We know how the trial ended; The Maiden was convicted of heresy and her punishment was execution by burning. "Alas! Am I to be so horribly and cruelly treated? Alas! That my body, clean and whole, which has never been corrupted, should this day be consumed and burned to ashes! Ah! I would far rather have my head chopped off seven times over, than to be burned!" On May 30, 1431, she was tied to a tall pillar in the Vieux-Marche in Rouen, wearing a cross a local peasant made for her. She requested two clergymen to hold a crucifix before her. And the fires were lit. She called out the name of Jesus as she was consumed.
Such was the power of Jehanne that once the flames burned out the English raked back the coals for all to see that she had not escaped alive. Twice more were her remains burned so that no piece of her but ashes might endure. Then those ashes were thrown into the Seine. There would be no bodily relics of the Maiden, no lingering magic.
When the war ended a posthumous retrial opened. Testimony from 115 witnesses was analyzed. The Inquisitor-General declared Joan a martyr and implicated the late bishop presiding at her trial with heresy for having convicted an innocent woman in pursuit of a nonreligious feud. Joan was declared innocent in 1456.
Beatified in 1909, the Catholic Church said yeah, Joan went to Heaven. And if you ask her nicely, she’ll whisper in God’s ear on your behalf. Then in 1920 she was canonized and was declared Saint Joan, the Blessed Virgin. To be canonized you have to have “lived and died in such an exemplary and holy way that he or she is worthy to be recognized as a saint". I agree with how she lived, but I cannot abide the idea that her execution is categorized as exemplary or holy. There is no magic in that.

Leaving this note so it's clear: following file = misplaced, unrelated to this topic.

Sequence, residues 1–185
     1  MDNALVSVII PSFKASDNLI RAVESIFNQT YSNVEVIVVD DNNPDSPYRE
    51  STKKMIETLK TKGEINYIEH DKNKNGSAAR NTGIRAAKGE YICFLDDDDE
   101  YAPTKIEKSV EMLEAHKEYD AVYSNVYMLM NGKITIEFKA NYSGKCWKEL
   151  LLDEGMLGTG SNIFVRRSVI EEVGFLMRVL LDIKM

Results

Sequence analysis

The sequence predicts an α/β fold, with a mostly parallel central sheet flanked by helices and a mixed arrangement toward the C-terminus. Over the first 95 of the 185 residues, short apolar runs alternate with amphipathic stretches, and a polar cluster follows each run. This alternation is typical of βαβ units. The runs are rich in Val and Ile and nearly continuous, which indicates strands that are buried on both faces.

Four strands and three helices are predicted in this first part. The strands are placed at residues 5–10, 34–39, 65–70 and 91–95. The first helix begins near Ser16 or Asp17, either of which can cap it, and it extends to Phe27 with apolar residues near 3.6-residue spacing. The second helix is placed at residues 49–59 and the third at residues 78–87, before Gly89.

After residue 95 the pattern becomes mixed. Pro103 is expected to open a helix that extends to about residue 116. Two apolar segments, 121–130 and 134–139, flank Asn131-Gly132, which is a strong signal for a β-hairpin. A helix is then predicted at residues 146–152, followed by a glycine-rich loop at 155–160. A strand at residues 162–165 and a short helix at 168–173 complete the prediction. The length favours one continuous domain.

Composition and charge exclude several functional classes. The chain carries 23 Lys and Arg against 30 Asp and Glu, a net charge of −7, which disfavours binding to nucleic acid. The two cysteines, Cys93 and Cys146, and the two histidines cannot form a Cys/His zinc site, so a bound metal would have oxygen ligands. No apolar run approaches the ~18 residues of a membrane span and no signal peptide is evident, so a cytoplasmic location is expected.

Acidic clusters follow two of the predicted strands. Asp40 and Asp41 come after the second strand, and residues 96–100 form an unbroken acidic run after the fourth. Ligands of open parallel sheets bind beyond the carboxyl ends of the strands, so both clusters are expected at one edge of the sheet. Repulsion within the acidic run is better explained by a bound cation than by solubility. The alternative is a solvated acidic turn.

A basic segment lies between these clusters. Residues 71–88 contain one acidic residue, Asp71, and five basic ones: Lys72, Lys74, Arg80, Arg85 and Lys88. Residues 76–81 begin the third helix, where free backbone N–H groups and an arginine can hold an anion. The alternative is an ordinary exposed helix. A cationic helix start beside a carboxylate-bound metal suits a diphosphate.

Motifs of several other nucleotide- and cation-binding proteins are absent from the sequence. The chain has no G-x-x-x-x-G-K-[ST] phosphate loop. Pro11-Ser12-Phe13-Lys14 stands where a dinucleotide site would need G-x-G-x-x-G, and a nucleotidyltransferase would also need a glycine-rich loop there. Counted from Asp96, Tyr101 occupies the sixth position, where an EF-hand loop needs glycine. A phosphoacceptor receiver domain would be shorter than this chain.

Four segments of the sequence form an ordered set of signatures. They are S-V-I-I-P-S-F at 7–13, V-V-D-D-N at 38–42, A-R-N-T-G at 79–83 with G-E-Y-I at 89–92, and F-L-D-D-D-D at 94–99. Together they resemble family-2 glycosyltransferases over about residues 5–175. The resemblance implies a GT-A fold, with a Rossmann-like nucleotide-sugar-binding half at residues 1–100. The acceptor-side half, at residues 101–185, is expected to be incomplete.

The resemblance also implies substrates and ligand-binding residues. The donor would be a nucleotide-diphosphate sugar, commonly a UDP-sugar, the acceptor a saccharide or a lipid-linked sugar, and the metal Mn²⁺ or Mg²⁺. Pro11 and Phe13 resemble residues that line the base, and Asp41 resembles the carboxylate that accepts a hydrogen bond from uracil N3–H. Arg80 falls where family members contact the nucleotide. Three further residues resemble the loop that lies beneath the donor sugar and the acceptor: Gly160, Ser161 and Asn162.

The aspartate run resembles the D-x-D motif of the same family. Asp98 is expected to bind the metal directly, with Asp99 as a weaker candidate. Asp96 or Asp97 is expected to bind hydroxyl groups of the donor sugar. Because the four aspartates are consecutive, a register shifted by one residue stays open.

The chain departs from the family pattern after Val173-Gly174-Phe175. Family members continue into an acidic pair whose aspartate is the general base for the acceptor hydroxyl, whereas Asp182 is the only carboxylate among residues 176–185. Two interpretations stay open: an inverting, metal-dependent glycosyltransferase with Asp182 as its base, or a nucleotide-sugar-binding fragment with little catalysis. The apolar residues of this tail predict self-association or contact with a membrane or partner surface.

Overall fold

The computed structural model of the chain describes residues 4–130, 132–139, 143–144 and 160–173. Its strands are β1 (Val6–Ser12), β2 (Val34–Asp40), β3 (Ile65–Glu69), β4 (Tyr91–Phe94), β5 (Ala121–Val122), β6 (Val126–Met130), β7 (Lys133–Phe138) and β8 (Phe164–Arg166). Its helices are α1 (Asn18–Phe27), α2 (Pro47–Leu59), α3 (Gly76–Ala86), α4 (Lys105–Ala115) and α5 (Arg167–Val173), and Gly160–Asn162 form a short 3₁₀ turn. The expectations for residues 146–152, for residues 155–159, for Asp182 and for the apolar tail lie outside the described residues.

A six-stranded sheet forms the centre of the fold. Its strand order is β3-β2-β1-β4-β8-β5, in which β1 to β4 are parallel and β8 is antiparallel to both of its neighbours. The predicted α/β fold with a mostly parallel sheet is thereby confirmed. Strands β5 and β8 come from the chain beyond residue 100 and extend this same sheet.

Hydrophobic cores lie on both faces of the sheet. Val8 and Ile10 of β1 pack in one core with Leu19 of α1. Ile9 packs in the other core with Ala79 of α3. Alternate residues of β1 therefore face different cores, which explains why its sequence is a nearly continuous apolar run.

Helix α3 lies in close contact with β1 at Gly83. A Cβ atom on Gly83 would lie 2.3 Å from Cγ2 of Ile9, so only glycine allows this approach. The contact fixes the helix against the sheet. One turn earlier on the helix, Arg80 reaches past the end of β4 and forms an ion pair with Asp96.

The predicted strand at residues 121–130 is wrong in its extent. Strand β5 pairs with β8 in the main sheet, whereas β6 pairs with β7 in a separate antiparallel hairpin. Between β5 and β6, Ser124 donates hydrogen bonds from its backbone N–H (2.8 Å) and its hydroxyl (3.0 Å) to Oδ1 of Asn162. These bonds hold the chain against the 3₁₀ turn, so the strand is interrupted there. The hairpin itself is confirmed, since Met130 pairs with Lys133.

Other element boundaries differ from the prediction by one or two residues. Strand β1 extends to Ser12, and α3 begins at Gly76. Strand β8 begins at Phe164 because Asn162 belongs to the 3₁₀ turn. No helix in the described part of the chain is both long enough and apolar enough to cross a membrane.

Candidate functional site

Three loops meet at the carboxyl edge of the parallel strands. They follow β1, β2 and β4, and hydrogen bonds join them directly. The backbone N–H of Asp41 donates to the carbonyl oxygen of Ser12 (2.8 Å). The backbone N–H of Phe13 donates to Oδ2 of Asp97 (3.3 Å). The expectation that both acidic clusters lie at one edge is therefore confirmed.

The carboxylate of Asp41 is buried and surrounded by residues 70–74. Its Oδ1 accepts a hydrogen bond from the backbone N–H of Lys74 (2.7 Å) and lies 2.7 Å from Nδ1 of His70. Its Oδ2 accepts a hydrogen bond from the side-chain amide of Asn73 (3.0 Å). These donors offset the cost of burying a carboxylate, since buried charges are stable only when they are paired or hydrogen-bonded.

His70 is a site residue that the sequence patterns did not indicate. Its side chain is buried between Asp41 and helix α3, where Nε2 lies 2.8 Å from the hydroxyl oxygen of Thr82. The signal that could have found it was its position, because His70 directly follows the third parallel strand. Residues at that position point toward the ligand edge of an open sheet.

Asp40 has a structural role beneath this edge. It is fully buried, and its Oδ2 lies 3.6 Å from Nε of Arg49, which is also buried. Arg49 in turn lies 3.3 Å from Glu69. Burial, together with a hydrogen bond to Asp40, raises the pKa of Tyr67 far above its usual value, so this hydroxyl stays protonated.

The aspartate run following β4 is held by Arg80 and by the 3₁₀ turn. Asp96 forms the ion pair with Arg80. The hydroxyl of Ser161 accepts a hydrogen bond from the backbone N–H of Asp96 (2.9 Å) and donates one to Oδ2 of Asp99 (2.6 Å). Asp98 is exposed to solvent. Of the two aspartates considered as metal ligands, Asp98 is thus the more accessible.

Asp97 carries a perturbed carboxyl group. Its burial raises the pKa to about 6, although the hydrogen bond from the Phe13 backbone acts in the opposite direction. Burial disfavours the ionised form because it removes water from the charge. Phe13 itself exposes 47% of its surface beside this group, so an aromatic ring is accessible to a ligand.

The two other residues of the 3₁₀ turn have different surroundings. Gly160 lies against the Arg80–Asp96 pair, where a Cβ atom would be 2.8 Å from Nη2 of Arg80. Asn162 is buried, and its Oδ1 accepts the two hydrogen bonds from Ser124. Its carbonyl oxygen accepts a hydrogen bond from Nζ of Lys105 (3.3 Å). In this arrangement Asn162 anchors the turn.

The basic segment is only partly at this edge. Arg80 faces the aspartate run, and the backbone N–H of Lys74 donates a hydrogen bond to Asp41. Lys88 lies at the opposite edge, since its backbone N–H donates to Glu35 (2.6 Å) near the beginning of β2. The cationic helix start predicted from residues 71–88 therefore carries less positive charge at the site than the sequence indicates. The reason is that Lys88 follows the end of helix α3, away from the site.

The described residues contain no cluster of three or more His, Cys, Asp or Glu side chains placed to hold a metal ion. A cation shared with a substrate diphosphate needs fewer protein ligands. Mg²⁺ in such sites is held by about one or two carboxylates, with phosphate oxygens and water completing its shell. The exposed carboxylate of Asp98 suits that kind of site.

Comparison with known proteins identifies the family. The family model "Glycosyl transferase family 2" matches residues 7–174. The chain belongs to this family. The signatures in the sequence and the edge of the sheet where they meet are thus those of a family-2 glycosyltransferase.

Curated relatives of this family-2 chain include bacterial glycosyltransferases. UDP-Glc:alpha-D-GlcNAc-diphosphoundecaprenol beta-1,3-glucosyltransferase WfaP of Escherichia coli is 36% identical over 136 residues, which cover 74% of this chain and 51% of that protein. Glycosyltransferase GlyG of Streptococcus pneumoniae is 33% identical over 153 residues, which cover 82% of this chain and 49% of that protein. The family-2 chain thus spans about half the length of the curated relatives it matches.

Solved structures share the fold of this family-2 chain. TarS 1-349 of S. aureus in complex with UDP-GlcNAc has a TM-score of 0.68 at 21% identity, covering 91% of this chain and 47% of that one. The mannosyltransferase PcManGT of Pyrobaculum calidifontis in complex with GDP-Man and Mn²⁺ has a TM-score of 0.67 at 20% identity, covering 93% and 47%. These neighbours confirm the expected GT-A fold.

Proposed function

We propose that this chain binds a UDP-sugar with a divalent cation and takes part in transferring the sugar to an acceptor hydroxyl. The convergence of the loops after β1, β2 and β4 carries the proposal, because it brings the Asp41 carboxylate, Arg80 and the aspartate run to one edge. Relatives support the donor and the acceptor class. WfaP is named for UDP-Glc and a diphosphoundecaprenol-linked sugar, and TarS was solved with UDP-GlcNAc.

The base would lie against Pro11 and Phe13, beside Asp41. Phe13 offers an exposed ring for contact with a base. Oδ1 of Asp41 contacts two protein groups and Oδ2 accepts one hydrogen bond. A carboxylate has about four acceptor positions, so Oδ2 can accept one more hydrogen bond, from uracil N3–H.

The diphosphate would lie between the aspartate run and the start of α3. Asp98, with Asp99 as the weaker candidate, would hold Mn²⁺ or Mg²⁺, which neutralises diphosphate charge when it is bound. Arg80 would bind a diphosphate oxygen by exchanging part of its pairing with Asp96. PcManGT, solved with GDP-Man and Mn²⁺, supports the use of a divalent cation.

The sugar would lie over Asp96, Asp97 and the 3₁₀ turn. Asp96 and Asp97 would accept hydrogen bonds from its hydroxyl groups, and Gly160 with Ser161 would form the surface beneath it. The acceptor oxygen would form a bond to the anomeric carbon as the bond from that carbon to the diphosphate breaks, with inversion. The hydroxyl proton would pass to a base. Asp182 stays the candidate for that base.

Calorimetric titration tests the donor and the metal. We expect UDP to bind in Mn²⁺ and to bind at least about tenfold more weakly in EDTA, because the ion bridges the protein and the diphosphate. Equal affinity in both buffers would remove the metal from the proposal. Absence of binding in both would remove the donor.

Called a lesbian because she dressed in armor as a military leader. Called schizophrenic because she had visions. Called a heretic because she followed God’s words to her death. Called a witch because she was burned by the church. Called a heroine of her country. This girl was a vessel to be sure, and we fill her with what we will. I am not French, nor Catholic, but Joan’s unerring faith in her god and her mission and her fate move me to greater thoughts than religion and country. I am reminded of certain indigenous tribes who sacrifice of themselves so that their people may live, and it is humbling. It is her timeless gift of magic.
The Thirtieth of May is the feast day of Saint Joan, this year the 578th anniversary of her death. I raise a glass to you, Jehanne La Pucelle. Blessed be.

Monday, May 25, 2009

The Beads of Ancient Bones

I love making shell jewelry. The process is part of the collective unconscious, the mysterious human memory. It is magic.